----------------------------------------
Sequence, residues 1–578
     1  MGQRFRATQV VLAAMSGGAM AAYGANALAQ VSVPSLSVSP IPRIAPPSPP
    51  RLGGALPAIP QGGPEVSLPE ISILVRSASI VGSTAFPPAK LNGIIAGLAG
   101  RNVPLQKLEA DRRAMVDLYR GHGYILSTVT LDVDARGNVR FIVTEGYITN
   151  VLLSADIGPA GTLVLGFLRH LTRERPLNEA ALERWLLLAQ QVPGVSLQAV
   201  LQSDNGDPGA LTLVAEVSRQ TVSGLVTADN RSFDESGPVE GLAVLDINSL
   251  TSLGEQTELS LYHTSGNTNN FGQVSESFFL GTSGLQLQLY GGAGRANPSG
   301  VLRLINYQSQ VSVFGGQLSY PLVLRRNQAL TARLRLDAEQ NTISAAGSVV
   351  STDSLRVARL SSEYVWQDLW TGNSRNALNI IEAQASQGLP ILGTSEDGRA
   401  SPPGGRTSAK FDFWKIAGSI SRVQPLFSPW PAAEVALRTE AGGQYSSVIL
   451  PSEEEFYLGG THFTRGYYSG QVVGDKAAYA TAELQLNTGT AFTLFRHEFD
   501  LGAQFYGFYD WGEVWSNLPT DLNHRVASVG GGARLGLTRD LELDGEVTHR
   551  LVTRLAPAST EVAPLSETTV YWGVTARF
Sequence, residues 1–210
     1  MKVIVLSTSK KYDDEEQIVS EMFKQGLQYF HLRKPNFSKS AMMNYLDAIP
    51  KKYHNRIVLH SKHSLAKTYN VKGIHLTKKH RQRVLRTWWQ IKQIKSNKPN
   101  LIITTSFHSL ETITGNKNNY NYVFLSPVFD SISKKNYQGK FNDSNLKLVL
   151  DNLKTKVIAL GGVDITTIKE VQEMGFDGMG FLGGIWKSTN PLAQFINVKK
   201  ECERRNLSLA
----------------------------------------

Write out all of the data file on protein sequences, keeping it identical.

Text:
Sequence, residues 1–578
     1  MGQRFRATQV VLAAMSGGAM AAYGANALAQ VSVPSLSVSP IPRIAPPSPP
    51  RLGGALPAIP QGGPEVSLPE ISILVRSASI VGSTAFPPAK LNGIIAGLAG
   101  RNVPLQKLEA DRRAMVDLYR GHGYILSTVT LDVDARGNVR FIVTEGYITN
   151  VLLSADIGPA GTLVLGFLRH LTRERPLNEA ALERWLLLAQ QVPGVSLQAV
   201  LQSDNGDPGA LTLVAEVSRQ TVSGLVTADN RSFDESGPVE GLAVLDINSL
   251  TSLGEQTELS LYHTSGNTNN FGQVSESFFL GTSGLQLQLY GGAGRANPSG
   301  VLRLINYQSQ VSVFGGQLSY PLVLRRNQAL TARLRLDAEQ NTISAAGSVV
   351  STDSLRVARL SSEYVWQDLW TGNSRNALNI IEAQASQGLP ILGTSEDGRA
   401  SPPGGRTSAK FDFWKIAGSI SRVQPLFSPW PAAEVALRTE AGGQYSSVIL
   451  PSEEEFYLGG THFTRGYYSG QVVGDKAAYA TAELQLNTGT AFTLFRHEFD
   501  LGAQFYGFYD WGEVWSNLPT DLNHRVASVG GGARLGLTRD LELDGEVTHR
   551  LVTRLAPAST EVAPLSETTV YWGVTARF
Sequence, residues 1–210
     1  MKVIVLSTSK KYDDEEQIVS EMFKQGLQYF HLRKPNFSKS AMMNYLDAIP
    51  KKYHNRIVLH SKHSLAKTYN VKGIHLTKKH RQRVLRTWWQ IKQIKSNKPN
   101  LIITTSFHSL ETITGNKNNY NYVFLSPVFD SISKKNYQGK FNDSNLKLVL
   151  DNLKTKVIAL GGVDITTIKE VQEMGFDGMG FLGGIWKSTN PLAQFINVKK
   201  ECERRNLSLA